EMDR Therapy and Eating Disorders Go With That Magazine Issue
We invited several authors to write about using EMDR therapy and Eating Disorders in the Fall 2023 Go With That Magazine issue. We are sharing Erica Faulhaber’s article here, and EMDRIA members can access all other articles and issues in the Go With That Magazine.
Resilience: The Intersection of Eating Disorders and EMDR
“Resilience is more than a buzzword circulating throughout the therapy community and among the general population. Resilience is a competency that can be learned and developed through treating trauma and in the context of eating disorder (ED) recovery. Resilience highlights strengths and capabilities in place of diagnoses or deficits. … Resilience is “a stable trajectory of healthy functioning after a highly adverse event” (Southwick et al., 2014, p.2).
Domains of Resilience
The domains of resilience have been situated throughout literature. According to various sources, the domains of resilience include affect and emotional regulation, cognitive flexibility, prosocial and adaptive behavior, and social support (Bonnano, 2005; Herman, 1998; Ivtzan et al., 2016; Shapiro, 2018; Ozbay et al., 2007; Southwick et al., 2016). All domains are specific to the competency of resilience and are no strangers to the psychological community as evidenced by various trauma treatment models offering their interpretation of components exemplifying the importance of integration. Resilience is not a final product, rather it is part of the process in the pursuit of recovery, including from trauma and ED. Qualitatively, EMDR and ED are ways individuals may lean to help heal trauma, one being more efficacious than the other. Defining the domains of resilience helps us to understand more.
Affect and emotional regulation involves the regulation of negative emotional expressions while embracing positive emotions and outlook after experiencing a traumatic event. Research suggests that embracing more positive emotions may temper both psychological trauma and social withdrawal. In EMDR, trainers teach clinicians to help clients identify a positive cognition to help them with reprocessing. In ED, individuals may struggle to identify emotions in their bodies, given the disconnect with the illness, and may also struggle with regulating distressing emotions. Emotional regulation is directly associated with a person’s values and beliefs. By experiencing emotional regulation, literature has noted the impact on overall psychological well-being.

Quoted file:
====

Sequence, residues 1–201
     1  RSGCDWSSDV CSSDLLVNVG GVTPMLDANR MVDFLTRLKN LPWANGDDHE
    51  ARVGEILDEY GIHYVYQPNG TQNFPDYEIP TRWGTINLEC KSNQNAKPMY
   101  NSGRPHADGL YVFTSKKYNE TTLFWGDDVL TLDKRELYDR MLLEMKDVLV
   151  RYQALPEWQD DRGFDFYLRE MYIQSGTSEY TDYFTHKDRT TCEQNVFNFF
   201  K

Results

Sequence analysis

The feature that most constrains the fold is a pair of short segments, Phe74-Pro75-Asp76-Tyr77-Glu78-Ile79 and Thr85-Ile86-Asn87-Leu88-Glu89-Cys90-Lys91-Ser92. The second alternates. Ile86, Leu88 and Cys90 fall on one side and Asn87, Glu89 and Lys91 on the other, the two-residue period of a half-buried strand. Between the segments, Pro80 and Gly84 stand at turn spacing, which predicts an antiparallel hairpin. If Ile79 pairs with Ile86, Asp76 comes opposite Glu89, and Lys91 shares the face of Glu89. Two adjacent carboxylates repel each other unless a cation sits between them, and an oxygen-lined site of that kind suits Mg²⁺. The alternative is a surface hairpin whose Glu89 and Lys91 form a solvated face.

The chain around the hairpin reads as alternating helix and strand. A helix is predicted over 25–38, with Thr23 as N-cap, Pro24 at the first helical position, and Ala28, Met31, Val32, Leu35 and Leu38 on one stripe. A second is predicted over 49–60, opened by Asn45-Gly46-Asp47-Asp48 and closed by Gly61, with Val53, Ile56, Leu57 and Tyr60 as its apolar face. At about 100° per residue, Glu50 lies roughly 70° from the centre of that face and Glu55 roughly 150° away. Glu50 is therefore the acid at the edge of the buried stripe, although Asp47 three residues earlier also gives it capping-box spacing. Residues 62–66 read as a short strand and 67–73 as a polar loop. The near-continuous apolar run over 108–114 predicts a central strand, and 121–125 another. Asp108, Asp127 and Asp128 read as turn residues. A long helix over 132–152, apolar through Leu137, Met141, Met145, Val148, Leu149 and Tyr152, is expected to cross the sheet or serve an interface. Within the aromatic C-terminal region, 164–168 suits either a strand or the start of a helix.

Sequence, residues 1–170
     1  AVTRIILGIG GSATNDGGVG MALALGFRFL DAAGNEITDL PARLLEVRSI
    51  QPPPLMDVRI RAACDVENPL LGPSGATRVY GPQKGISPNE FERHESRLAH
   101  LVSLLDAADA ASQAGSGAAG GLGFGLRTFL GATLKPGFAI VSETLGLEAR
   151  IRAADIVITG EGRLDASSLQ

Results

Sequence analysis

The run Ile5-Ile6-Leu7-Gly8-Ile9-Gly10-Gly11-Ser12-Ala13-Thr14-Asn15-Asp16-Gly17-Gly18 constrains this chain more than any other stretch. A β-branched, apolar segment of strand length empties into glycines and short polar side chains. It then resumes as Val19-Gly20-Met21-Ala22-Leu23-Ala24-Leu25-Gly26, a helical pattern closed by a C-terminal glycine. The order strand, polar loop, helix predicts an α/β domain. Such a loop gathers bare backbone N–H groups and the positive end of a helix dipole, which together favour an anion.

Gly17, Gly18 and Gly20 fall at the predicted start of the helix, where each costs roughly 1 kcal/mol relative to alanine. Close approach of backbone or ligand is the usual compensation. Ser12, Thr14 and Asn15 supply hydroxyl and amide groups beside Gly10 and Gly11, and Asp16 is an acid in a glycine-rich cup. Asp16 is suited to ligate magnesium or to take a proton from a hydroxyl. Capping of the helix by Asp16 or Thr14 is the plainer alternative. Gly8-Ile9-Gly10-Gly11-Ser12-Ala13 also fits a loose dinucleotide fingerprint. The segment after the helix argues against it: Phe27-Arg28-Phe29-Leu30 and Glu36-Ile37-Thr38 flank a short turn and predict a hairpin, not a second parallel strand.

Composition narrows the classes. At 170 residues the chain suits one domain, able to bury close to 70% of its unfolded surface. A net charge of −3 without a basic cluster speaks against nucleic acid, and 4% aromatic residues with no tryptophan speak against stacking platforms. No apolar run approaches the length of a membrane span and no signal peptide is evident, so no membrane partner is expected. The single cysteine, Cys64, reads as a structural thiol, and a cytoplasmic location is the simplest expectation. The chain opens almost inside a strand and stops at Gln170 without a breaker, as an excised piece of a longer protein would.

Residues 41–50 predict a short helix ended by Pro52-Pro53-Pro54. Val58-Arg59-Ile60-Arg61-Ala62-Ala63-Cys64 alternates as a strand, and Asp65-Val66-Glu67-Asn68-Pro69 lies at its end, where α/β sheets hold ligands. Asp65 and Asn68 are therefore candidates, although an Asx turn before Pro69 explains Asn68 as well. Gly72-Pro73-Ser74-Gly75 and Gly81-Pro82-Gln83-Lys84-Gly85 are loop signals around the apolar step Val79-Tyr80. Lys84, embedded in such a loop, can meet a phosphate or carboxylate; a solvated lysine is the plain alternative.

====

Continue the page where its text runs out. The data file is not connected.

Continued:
Cognitive flexibility is how individuals can create fluidity in their cognitions instead of a more rigid mindset. This entails a person’s ability to use behavioral and psychological techniques to lessen and respond to negative external and internal stimuli. In ED and through experiencing trauma, the client’s ability to think more broadly and flexibly may be hampered, which is where EMDR can create an opportunity to broaden perspectives. EMDR is a modality that works on expanding cognitions through embracing the malleability of the brain’s neural networks and shifting narrow perspectives.
Prosocial and adaptive behavior is for the benefit of others, to move away from self, contributing to society’s overall well-being. In this domain, the importance is on people’s capability to mold and adjust behavior to meet the demands of a given stressor, which assists in the recovery process. In trauma and with ED, isolation can occur, separating one from the world, which limits people’s ability to interact with the creation around them. While working toward recovery from both ED and trauma, clinicians can encourage clients to modify behaviors toward gratitude, compassion, kindness, and generosity, which all further enhance prosocial and adaptive behavior.
Social support involves a complex construct of a system of people accessible to provide healthy interpersonal relationships and contribute to one’s material and psychological well-being. Social support is in the same vein of creating expansion, like previously discussed domains of resilience. With the treatment of both trauma and ED, social support involves building a strong recovery-oriented team, including both professional and personal supports. Social support can be assessed by understanding where the client is in terms of stages of change and their openness to receiving help. Literature shows that ED can wreak havoc on social supports in the process of recovery and is not limited to the individual suffering.”
This issue also includes the following articles:
- An AIP Approach to Disordered Eating by Cassie Krajewski, LCSW
- Internalized Sexual Shame in the Treatment of Eating Disorders by Lauren Kiser, PhD, and DaLene Forester, PhD
- Eating Disorders: What are EMDR Therapists Missing? by Samantha Sessamen, LMHC
If you are a therapist interested in the EMDR training, visit our EMDR Training & Education tab:
If you are EMDR trained:
- Learn more about EMDRIA membership
- Search for Continuing Education opportunities
- Check out the EMDRIA blog, Focal Point
If you are an EMDRIA Member: